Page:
While I’m on the tour, I notice some new and old features. A section is called Tech Central, which has 85 computer workstations for public use. Here, a person can check emails and surf the Web. The Kirstein Business Library provides a prime location for a small business start-up. People can utilize the lecture hall, attend seminars and peruse a vast supply of business periodicals. While visiting the children’s center, I notice parents and children sharing stories. Their interaction was quite rewarding to see. To be able to sit and read to your children creates many fond memories.

Throughout the tour, I constantly heard the word “growth.” The library has a teens’ center where young adults are free to challenge themselves. Teens are exploring 3D imaging, and I heard a story about a young patron at the Newton Library who was an amputee, and through 3-D imaging, they were able to graft an area of the body that was separated. The fact that the library was able to assist this patron gave me great faith in it. Genealogy is another avenue teens are pursuing. They are researching their family tree, which helps them answer the age old question of “Where do I come from?”

Once again, I must tip my hat to the library. It’s not only through the children and teen programs that it’s providing growth opportunities. WGBH has a satellite station on the first level of the library. Here, visitors can broadcast news and educational programming. American Student assistance is also available for students seeking scholarships or assistance with higher education grants and college choices.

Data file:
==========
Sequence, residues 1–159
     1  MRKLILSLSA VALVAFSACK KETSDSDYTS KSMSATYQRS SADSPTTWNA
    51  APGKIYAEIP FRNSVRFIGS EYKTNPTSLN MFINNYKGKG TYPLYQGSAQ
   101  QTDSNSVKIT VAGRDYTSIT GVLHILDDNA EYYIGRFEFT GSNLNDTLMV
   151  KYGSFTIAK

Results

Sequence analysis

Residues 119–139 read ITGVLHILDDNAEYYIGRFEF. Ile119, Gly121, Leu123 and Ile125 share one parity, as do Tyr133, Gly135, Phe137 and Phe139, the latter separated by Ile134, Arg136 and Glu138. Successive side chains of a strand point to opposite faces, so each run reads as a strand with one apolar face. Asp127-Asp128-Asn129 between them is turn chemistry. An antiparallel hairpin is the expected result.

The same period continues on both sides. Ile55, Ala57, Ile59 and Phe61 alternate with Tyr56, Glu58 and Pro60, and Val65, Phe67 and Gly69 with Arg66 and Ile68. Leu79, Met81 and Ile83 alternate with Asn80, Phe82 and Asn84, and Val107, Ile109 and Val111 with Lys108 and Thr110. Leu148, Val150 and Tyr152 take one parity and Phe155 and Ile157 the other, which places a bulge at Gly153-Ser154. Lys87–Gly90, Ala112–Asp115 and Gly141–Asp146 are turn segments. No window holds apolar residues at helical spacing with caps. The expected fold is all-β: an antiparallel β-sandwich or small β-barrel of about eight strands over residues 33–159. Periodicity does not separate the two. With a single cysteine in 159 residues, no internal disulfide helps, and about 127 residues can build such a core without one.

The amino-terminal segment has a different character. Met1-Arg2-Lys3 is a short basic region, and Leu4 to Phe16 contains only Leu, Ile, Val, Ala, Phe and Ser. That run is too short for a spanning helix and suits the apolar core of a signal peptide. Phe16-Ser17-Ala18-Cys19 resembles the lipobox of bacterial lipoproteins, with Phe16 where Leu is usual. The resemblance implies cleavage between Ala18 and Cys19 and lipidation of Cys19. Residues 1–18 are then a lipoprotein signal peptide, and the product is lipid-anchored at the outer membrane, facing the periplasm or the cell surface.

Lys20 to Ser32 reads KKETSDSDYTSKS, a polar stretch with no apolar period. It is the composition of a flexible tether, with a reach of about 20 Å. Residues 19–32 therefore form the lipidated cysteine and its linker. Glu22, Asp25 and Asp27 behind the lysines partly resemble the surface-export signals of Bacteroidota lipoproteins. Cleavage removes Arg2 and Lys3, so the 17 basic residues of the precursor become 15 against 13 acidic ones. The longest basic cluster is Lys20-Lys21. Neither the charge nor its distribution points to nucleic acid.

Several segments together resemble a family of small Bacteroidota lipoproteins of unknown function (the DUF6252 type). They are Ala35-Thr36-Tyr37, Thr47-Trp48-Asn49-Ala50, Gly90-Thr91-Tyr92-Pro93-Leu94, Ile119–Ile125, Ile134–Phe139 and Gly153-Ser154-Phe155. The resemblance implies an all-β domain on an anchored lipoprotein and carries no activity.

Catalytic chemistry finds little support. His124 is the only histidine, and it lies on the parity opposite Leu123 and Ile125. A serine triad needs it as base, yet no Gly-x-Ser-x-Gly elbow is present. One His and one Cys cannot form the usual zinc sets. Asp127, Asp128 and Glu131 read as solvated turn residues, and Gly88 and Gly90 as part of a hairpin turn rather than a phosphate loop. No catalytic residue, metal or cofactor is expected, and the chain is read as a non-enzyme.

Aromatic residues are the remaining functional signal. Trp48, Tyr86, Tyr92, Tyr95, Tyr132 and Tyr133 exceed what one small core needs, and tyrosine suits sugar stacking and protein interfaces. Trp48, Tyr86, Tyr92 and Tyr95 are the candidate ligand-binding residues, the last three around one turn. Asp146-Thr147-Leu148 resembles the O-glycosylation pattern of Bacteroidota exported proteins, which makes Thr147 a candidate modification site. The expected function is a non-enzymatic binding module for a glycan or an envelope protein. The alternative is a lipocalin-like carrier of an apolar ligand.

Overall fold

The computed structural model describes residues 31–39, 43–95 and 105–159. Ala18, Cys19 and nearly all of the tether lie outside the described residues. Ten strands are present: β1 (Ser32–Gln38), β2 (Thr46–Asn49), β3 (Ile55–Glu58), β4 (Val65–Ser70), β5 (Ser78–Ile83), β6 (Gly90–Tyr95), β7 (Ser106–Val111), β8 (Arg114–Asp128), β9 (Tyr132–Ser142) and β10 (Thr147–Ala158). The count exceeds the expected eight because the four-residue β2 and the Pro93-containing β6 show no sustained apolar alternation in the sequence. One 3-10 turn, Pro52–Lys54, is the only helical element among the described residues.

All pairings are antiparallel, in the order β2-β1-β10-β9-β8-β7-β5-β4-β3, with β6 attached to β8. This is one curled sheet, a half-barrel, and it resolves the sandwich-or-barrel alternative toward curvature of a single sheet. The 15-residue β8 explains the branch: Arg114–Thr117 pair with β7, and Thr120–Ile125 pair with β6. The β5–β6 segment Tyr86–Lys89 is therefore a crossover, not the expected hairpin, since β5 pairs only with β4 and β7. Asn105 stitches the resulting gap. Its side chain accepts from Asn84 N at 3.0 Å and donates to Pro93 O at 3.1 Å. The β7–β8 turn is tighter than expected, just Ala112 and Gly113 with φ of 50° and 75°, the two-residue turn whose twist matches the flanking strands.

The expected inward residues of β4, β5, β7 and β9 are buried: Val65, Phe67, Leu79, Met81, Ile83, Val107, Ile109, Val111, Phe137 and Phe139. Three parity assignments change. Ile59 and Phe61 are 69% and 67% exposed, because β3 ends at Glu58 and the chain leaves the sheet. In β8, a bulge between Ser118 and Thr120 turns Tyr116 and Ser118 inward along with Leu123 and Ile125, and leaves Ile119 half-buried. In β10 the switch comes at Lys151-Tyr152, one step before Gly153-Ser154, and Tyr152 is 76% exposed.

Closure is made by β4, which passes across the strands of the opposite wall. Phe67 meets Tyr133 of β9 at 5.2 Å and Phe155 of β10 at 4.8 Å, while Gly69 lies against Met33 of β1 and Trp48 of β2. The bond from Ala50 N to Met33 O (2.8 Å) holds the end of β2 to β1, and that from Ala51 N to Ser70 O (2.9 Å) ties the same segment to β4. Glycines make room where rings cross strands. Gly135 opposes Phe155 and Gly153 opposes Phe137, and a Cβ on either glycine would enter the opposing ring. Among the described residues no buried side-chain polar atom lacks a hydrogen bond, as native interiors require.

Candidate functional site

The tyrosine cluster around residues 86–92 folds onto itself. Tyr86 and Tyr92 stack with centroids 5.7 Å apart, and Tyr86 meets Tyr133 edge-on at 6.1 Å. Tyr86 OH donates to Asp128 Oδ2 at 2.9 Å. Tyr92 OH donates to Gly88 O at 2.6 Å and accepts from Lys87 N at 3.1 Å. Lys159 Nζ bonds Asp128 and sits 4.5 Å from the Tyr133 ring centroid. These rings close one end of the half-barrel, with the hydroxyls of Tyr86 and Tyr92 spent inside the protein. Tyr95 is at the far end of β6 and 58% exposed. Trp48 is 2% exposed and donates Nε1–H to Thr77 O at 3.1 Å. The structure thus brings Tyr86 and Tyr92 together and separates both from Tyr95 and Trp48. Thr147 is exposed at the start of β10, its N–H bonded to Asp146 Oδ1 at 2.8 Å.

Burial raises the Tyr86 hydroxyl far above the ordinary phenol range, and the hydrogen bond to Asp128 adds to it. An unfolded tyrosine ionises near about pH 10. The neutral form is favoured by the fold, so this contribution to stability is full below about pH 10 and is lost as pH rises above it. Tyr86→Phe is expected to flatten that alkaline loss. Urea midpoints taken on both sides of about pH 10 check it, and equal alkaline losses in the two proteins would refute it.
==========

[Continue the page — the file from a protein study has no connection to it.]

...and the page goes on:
Citizenship training is also provided. I noticed that the English as a Second Language classes were quite full. Nevertheless, Tech Central was certainly the most populated. Here, I was informed of a website that’s provided specifically for the homeless: http://guides.bpl.org/guide4help. This website was created through public suggestion to help many homeless, hungry and stranded people to reinvent their lives.

During my tour, the one topic I wanted to explore was the success stories. I’m aware of one person who reinvented himself using the Public Library. The person was KRS1, and he was able to use the public library and find everything he needed to reinvent himself. KRS1 is a performer, so he was able to utilize the business, legal and advertising tools to help launch and sustain his career. It was all at his fingertips and disposal. I shared this with Mrs. Lavery and was rewarded with another wonderful success story that I must share. The Central Library had a patron who was homeless. After not working, his life was in a downward spiral. He slept in his car most nights. But with the help of the Public Library staff, he went from being at the bottom to being complete gratified. He followed an employment listing in the Massachusetts Lawyer Review and obtained employment. By working with library staff, setting goals and maintaining consistency, you too can obtain these results. So use the library to grow, because it’s Free for All. And remember that just as you put yourself in this current place, you too can get yourself out of it.